EPIRB testing, definitely possible


While evidence of unusual EPIRB failure activity remains scarce, who doesn’t like the idea of testing their own, as often and as thoroughly as possible? So I always try to note what a new model’s self-test abilities are (though I didn’t have much detail on these GME PLBs just coming to the States). But even the best self-testing is surely limited. There are also professional test receivers—like Musson Marine’s and the WS Tech BT100 PDA-hosted systems—which measure real over-the-air 406/121.5 MHz  transmissions, but I don’t know how available that service is to regular boaters. Anyone? Both GME and WS Tech, by the way, are distributed in the U.S. by EPIRB/PLB expert George Lariviere and his Whiffletree Corp.

Meanwhile, Chuck Husick had a reassuring experience having  his EPIRB battery changed right in the ACR factory. But what really activated my buttons was the BeaconSure service I saw demonstrated at the Annapolis Boat Show back in 2003. The vendor fired off the EPIRB during a preset hour and was soon able to pull up the screen above showing that it had reached the satellites, been located, and been properly associated with the right contact information. In other words, a live end-to-end test, which seems ideal. BeaconSure, not surprisingly, is a subsidiary of Techno-Sciences, which builds and maintains COSPAS-SARSAT ground stations. I haven’t heard much about the service since I first covered it in 2004, but $60 seems a reasonable fee for such a test, and no shipping is required. Anyone tried BeaconSure?
   So EPIRBS are being tested to some degree and possible real world failures are being investigated to some degree, and still there’s no sign of anything but very rare issues with the equipment or SARSAT system. Nonetheless Rob Stormer insists that we should force the authorities to somehow calculate an EPIRB “failure rate.”  I’m still scratching my head over that concept. How are any meaningful statistics remotely possible for gear that’s hardly ever used, and then in chaotic conditions? Heck, last summer a truly sharp engineer told me that no marine electronic or power products are built, used, and serviced in large enough numbers to yield worthwhile failure rate data, and he’d really thought about it. Compare EPIRBs to automobile air bags. There are many more air bags built; many more are activated, and with many fewer installation or user variables; and their use is much easier to investigate after the fact. Obviously meaningful failure rates are much more possible for airbags, yet lawyers are still arguing about what they mean.
   A prudent mariner will smile on Stormer’s failure rate fantasy, take good care of his/her EPIRB, test it as possible, and still know that it, like most anything else, may fail just when it’s most needed.

Ben Ellison

Ben Ellison

Panbo editor, publisher & chief bottlewasher from 4/2005 until 8/2018, and now pleased to have Ben Stein as a very able publisher, webmaster, and editing colleague. Please don't regard him as an "expert"; he's getting quite old and thinks that "fadiddling fumble-putz" is a more accurate description.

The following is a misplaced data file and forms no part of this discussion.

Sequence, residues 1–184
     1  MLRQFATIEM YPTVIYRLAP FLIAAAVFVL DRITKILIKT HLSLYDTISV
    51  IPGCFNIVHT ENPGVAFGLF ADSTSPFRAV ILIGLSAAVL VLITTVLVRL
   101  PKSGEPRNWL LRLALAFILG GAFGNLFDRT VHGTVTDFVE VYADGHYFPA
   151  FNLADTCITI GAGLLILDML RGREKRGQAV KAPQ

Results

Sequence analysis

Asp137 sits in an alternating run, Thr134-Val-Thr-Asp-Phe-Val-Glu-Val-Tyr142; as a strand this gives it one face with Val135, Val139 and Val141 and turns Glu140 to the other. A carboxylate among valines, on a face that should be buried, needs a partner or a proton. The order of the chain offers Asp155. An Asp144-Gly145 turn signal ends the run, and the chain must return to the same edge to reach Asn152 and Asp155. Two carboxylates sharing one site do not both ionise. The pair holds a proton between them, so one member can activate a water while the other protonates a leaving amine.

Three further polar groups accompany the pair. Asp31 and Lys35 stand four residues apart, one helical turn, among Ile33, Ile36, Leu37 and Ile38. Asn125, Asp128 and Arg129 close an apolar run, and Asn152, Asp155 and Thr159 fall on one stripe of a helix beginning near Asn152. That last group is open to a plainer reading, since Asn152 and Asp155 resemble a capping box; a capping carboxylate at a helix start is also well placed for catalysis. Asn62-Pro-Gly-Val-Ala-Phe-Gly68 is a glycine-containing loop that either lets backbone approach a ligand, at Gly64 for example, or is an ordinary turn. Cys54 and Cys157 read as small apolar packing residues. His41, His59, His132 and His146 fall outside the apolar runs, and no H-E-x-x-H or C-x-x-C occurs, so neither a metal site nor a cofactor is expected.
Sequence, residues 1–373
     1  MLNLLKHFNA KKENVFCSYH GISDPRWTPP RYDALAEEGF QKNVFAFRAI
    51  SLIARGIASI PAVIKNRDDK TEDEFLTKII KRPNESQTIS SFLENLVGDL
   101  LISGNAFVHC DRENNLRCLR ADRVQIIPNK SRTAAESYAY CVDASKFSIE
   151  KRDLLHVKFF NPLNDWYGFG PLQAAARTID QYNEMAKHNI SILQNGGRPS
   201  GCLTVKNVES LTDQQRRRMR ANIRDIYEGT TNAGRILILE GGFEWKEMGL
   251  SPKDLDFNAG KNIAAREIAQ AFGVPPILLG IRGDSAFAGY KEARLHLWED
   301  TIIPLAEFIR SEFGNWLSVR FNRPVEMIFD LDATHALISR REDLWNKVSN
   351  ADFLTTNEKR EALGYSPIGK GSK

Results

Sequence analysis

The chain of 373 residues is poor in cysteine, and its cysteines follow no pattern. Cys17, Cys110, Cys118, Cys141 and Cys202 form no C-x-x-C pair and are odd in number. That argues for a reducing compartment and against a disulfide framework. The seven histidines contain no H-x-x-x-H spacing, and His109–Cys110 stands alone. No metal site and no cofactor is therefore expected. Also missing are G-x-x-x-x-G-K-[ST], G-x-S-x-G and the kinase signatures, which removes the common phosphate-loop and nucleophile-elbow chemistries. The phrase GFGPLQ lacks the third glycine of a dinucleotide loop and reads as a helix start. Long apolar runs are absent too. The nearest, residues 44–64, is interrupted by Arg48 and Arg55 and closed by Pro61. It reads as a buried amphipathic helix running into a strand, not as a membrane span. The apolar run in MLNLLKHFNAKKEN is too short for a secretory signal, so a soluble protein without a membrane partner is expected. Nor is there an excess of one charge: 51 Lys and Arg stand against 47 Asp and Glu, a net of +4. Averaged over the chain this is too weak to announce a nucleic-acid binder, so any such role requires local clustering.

3 Responses

  1. rxc says:

    This is one good reason to use the SPOT device, because you use it all the time and know when it is working and when it is not. Unlike the special EPIRB that is only used once, as a last resort device, and for which you just have to hope that the signal gets thru. I don’t say that they are not useful, but there is a line of thinking in engineering that special-purpose equipment that is dedicated to a last-ditch safety function, and which is manufactured to a very high standard/price, is better/more reliable than equipment that is used every day. I am not sure that I buy into that argument, having worked in an industry where such special-purpose equipment is treated as the holy of holies.
    Notwithstanding the testing issue (it is really hard to make meaningful statistical arguments about events that rarely happen, and when they happen, the conditions are rarely comparable) equipment that is used every day must be reliable, or else factories would not be able to make widjits reliable, or keep the electric power on.

  2. Rusty says:

    I recall hearing that some COSPAS-SARSAT ground stations could process (without triggering the SAR system) the EPIRB self-test message required by section 4.5.4 of C-S T.007 , and surveyors could call the facility to verify the operation of the EPIRB.
    It might be useful if the test message, when received by the ground station, could send an e-mail to the registered owner to indicate that their EPIRB test message was received.

  3. john doe says:

    Epirb testing can be done by any regular boater. What’s needed is a VHF scanner with a discriminator output and free Epirb-plotter software from here http://www.coaa.co.uk/epirbplotter.htm
    As you know when you press the “test” button on an Epirb, it actually transmits a test message on 406Mhz band. A normal scanner can hear this message, and provided the scanner has a discriminator output you can plug it into your PC audio input. The software then decodes the message.
    More info on discriminator output http://www.discriminator.nl/index-en.html
    Total cost for a person with suitable scanner: 0. If you need a scanner, you can get one from Radio Shack for less than 50 bucks.

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